2. Presented Topics
Some Basic Terminologies
What is international trade?
Tools in International Trade
Why Countries Trade?
Reasons of Trade Having
Reasons for Trade
Gains from specialization
Other Trade Theory
Balance of Payment
Terms of Trade
Monetary and Fiscal Policy
Foreign Exchange Regime
3. Some Basic Terminologies
Terms of Trade
4. What is international trade?
International trade is the exchange of
goods and services across the
international boarders or territories of
the world. This exchange gives rise to
a world economy, in which prices, or
supply and demand, affect and are
affected by global events.
5. Bangladesh’s Trade Scenario
1960 1970 1980 1990 2000 2005 2010 2014
Trade (% of GDP) Exports of goods and services (% of GDP)
Imports of goods and services (% of GDP) GDP growth (annual %)
Due to gradual liberalization of the Bangladesh trade regime, trade has
increased significantly over the past decades.
7. Why Countries Trade?
Trade of a commodity can be executed due to this
1. The country can’t produce or its production level is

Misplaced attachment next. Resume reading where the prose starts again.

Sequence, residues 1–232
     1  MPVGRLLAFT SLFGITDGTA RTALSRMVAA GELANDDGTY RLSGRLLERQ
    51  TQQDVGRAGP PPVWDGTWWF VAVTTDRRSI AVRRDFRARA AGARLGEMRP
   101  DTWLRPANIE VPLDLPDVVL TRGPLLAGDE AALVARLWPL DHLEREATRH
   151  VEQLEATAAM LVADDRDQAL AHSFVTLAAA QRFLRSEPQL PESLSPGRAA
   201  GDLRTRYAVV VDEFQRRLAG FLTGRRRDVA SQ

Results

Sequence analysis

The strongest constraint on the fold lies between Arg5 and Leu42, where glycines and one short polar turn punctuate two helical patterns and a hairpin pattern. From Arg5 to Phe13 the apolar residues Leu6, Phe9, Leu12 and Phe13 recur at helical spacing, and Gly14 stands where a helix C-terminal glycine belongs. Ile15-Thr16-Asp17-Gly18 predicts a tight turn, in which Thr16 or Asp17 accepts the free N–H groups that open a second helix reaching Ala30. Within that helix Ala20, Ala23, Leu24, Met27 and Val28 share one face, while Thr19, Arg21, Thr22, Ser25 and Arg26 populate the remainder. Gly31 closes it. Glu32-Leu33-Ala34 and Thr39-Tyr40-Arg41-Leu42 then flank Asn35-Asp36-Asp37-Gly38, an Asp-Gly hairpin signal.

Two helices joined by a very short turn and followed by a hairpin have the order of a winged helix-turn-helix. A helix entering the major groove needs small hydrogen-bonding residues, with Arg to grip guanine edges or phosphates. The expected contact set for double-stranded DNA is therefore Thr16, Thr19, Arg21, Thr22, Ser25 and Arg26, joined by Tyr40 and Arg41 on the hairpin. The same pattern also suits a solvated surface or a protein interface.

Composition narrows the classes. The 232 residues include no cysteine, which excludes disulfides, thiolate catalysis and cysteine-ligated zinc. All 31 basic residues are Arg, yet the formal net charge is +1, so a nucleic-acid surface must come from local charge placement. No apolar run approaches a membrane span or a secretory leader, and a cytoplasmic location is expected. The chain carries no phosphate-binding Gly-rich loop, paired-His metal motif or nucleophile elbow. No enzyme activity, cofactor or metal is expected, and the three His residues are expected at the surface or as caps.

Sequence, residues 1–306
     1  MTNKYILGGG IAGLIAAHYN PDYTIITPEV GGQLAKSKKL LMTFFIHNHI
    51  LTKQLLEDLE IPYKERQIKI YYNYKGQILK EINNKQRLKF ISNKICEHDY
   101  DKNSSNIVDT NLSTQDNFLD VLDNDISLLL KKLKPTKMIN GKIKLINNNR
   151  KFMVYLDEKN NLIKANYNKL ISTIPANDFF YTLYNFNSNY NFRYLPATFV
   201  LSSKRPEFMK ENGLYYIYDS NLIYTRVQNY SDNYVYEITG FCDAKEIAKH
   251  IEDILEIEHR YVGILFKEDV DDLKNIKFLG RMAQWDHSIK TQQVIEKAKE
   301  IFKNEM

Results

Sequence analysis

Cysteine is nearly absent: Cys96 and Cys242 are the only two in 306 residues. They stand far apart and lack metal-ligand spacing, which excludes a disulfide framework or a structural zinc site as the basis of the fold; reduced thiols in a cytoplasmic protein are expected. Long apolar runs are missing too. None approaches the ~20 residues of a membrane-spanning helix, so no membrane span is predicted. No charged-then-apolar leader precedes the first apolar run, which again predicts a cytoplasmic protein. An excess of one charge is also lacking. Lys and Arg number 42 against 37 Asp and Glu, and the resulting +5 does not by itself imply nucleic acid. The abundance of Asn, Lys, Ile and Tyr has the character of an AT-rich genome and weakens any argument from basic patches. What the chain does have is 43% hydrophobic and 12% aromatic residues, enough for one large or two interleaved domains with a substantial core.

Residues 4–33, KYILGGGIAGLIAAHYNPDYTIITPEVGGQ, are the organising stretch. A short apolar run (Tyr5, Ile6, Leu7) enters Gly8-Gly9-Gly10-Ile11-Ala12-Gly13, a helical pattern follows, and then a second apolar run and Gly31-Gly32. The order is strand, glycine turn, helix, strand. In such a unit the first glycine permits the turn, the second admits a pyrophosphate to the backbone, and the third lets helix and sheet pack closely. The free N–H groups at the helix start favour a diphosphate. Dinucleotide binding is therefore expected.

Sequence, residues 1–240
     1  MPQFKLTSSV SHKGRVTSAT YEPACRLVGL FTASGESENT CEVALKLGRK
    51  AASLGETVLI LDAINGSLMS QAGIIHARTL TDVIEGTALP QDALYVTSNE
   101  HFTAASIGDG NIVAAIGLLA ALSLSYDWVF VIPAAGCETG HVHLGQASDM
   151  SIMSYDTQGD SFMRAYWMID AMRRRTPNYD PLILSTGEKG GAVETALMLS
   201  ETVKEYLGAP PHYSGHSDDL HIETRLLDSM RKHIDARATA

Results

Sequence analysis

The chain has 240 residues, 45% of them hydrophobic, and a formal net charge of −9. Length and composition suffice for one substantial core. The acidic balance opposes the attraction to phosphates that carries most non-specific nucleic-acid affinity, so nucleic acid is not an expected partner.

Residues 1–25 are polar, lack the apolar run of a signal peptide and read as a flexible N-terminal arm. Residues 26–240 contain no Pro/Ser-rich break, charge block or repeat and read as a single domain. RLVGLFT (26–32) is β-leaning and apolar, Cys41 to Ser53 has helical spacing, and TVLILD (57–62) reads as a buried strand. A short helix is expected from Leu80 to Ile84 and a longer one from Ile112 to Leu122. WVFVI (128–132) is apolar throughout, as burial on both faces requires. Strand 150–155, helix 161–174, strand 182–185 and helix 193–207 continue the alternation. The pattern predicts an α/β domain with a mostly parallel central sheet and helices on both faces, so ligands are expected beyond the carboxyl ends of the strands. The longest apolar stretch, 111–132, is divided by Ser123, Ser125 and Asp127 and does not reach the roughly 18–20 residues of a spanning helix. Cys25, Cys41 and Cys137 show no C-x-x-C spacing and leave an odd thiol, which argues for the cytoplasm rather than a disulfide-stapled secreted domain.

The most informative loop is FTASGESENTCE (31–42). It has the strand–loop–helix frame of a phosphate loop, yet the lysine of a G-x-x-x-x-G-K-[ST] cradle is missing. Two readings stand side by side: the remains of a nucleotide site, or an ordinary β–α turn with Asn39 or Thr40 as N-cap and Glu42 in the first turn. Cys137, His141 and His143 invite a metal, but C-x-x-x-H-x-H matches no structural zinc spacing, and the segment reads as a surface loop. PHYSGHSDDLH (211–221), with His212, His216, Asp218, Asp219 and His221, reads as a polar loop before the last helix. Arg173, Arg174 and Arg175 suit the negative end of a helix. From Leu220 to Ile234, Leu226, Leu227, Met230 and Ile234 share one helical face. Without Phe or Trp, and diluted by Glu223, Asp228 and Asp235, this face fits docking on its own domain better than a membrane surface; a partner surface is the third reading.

The rationale is very clear for such kind of trade. For exmp.
UK imports Banana from Brazil ; China imports copper.
2. The country has capability of producing goods but
still imports of that goods.
This kind of trade is of greater interest because it accounts
for a majority of world trade today.
8. Reasons of Trade Having Capacity
The reasons for importing this category of product
generally fall into three classifications
1. The imported goods may be cheaper than those
2. A greater variety of goods may be made
available through imports;
3. The imported goods may offer advantages
other than lower prices over domestic
production – better quality or design, higher
status (e.g. prestige labelling), technical features,
9. Reasons for Trade